Ten years before that, on May 18, 1932, newspapers reported that Luigi Malvese, bootleg gangster, was ambushed and shot to death in front of the Del Monte Barbershop at 720 Columbus Avenue in San Francisco, California.   It was reported that “a police dragnet rounded up some 1,000 usual suspects in an attempt to pressure the underworld to rein in its wild men.” Louis Dinato, Al Capone’s tailor, was among those rounded up.

But long before the gangsters of the Prohibition Era, back in 1917, Ordway Rider was shot and died from a bullet wound to the chest.  His death was a cause célèbre in Edwardian Boston, pushing stories of war off the front page of all the papers for days.  According to the February 23 edition of The Boston Globe, in an article entitled “Police Dragnet Out For Bandits” it was reported that:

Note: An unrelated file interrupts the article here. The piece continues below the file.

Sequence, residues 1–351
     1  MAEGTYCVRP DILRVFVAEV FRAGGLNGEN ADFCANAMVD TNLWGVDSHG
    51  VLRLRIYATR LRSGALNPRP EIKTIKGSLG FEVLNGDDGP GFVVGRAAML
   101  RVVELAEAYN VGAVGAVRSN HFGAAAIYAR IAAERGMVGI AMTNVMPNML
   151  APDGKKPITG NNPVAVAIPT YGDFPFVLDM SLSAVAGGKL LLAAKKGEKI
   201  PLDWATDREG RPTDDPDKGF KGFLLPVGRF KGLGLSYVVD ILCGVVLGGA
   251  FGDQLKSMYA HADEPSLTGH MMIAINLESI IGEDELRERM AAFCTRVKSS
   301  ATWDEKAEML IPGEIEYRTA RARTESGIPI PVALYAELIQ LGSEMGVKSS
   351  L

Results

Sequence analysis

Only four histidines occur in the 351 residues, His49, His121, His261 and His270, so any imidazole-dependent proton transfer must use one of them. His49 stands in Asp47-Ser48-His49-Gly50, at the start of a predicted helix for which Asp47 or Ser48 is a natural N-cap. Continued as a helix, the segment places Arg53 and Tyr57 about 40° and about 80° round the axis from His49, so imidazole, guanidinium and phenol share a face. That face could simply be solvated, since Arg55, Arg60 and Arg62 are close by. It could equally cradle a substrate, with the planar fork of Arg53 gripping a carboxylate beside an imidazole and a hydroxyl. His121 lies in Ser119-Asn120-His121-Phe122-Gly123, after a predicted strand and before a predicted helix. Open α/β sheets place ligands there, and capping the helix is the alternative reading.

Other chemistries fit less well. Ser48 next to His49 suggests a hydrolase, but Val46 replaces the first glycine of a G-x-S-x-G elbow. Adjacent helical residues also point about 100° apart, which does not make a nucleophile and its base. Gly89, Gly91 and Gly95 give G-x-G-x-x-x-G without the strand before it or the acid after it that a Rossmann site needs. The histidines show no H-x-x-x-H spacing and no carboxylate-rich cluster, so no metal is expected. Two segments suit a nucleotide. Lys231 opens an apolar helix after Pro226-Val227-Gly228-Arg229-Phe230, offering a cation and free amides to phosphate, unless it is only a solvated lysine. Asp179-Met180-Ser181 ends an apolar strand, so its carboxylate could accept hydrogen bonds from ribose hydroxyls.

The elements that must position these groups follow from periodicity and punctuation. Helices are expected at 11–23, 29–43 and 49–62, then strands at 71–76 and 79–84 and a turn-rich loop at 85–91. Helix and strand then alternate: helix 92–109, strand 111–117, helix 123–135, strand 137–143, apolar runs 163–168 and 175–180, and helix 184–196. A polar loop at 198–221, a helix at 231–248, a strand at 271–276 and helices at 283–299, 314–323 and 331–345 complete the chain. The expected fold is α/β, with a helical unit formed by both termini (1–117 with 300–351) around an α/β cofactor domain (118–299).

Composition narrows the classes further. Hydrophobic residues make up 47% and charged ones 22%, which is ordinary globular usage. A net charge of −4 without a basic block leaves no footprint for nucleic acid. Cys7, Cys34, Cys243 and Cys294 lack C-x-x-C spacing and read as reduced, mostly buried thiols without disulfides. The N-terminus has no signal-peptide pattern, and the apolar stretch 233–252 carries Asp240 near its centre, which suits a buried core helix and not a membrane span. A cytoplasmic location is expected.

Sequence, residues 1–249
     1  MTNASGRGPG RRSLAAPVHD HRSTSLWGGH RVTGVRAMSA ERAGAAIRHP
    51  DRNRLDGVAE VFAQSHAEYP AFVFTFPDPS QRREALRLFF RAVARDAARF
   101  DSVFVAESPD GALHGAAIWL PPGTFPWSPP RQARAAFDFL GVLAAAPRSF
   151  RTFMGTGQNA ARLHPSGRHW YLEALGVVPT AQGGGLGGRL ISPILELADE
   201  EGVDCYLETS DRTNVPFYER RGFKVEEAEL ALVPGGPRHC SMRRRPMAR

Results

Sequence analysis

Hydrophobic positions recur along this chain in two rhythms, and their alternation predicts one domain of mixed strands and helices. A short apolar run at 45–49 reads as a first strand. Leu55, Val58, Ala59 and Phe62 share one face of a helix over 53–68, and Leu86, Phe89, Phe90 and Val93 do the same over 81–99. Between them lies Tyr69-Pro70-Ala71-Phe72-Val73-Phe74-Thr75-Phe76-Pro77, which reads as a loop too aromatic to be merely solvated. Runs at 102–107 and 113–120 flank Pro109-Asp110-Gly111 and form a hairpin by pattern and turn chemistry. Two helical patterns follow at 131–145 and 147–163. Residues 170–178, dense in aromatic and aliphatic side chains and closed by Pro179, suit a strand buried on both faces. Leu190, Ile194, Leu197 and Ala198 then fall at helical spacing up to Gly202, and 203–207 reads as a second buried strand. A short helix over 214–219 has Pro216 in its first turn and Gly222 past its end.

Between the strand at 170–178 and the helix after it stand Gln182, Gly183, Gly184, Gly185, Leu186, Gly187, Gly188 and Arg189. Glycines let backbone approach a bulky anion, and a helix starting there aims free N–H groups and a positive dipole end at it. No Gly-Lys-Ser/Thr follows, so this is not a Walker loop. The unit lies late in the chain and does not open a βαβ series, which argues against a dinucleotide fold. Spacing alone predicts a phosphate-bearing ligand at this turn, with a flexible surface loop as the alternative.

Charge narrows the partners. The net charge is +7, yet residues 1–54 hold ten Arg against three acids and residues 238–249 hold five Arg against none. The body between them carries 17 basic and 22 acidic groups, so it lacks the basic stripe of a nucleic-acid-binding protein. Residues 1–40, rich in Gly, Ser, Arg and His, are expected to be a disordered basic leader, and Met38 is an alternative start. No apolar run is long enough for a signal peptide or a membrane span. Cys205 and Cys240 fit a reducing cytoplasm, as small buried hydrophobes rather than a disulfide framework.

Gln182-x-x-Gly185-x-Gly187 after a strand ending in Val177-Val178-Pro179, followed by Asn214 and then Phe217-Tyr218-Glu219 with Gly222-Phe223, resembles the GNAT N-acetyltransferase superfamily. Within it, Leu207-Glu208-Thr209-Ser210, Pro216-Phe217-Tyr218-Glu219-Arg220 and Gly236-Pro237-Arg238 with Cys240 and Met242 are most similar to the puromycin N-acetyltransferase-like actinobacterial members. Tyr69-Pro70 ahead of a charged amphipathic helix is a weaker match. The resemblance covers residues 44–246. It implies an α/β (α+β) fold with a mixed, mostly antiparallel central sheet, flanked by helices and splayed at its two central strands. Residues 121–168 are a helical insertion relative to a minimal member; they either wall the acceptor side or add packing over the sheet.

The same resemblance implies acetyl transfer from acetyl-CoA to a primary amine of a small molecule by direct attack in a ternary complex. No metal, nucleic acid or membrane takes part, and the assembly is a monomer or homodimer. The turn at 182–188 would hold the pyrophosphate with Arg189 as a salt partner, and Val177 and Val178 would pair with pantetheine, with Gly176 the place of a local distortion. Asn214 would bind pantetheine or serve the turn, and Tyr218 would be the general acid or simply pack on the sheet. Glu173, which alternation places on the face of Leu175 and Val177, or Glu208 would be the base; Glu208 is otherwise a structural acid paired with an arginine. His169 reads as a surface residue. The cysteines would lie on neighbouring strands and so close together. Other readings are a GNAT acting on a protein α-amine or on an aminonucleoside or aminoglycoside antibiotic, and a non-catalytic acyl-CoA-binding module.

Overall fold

” … Ordway Rider was shot and instantly killed on the night of Feb. 21st 1917 by Bandits. Robbery was the motive. He was manager of one of the Atlantic & Pacific Tea Company’s stores. He was held in high esteem by the company. His age was 58-6months.”

That being said, the earliest published reference I could find that speaks of a police dragnet was found in The Chicago Daily Tribune which published a news story on January 19, 1896 with the headline, “Bicycle Thieves Caught in Meshes of Police Dragnet.”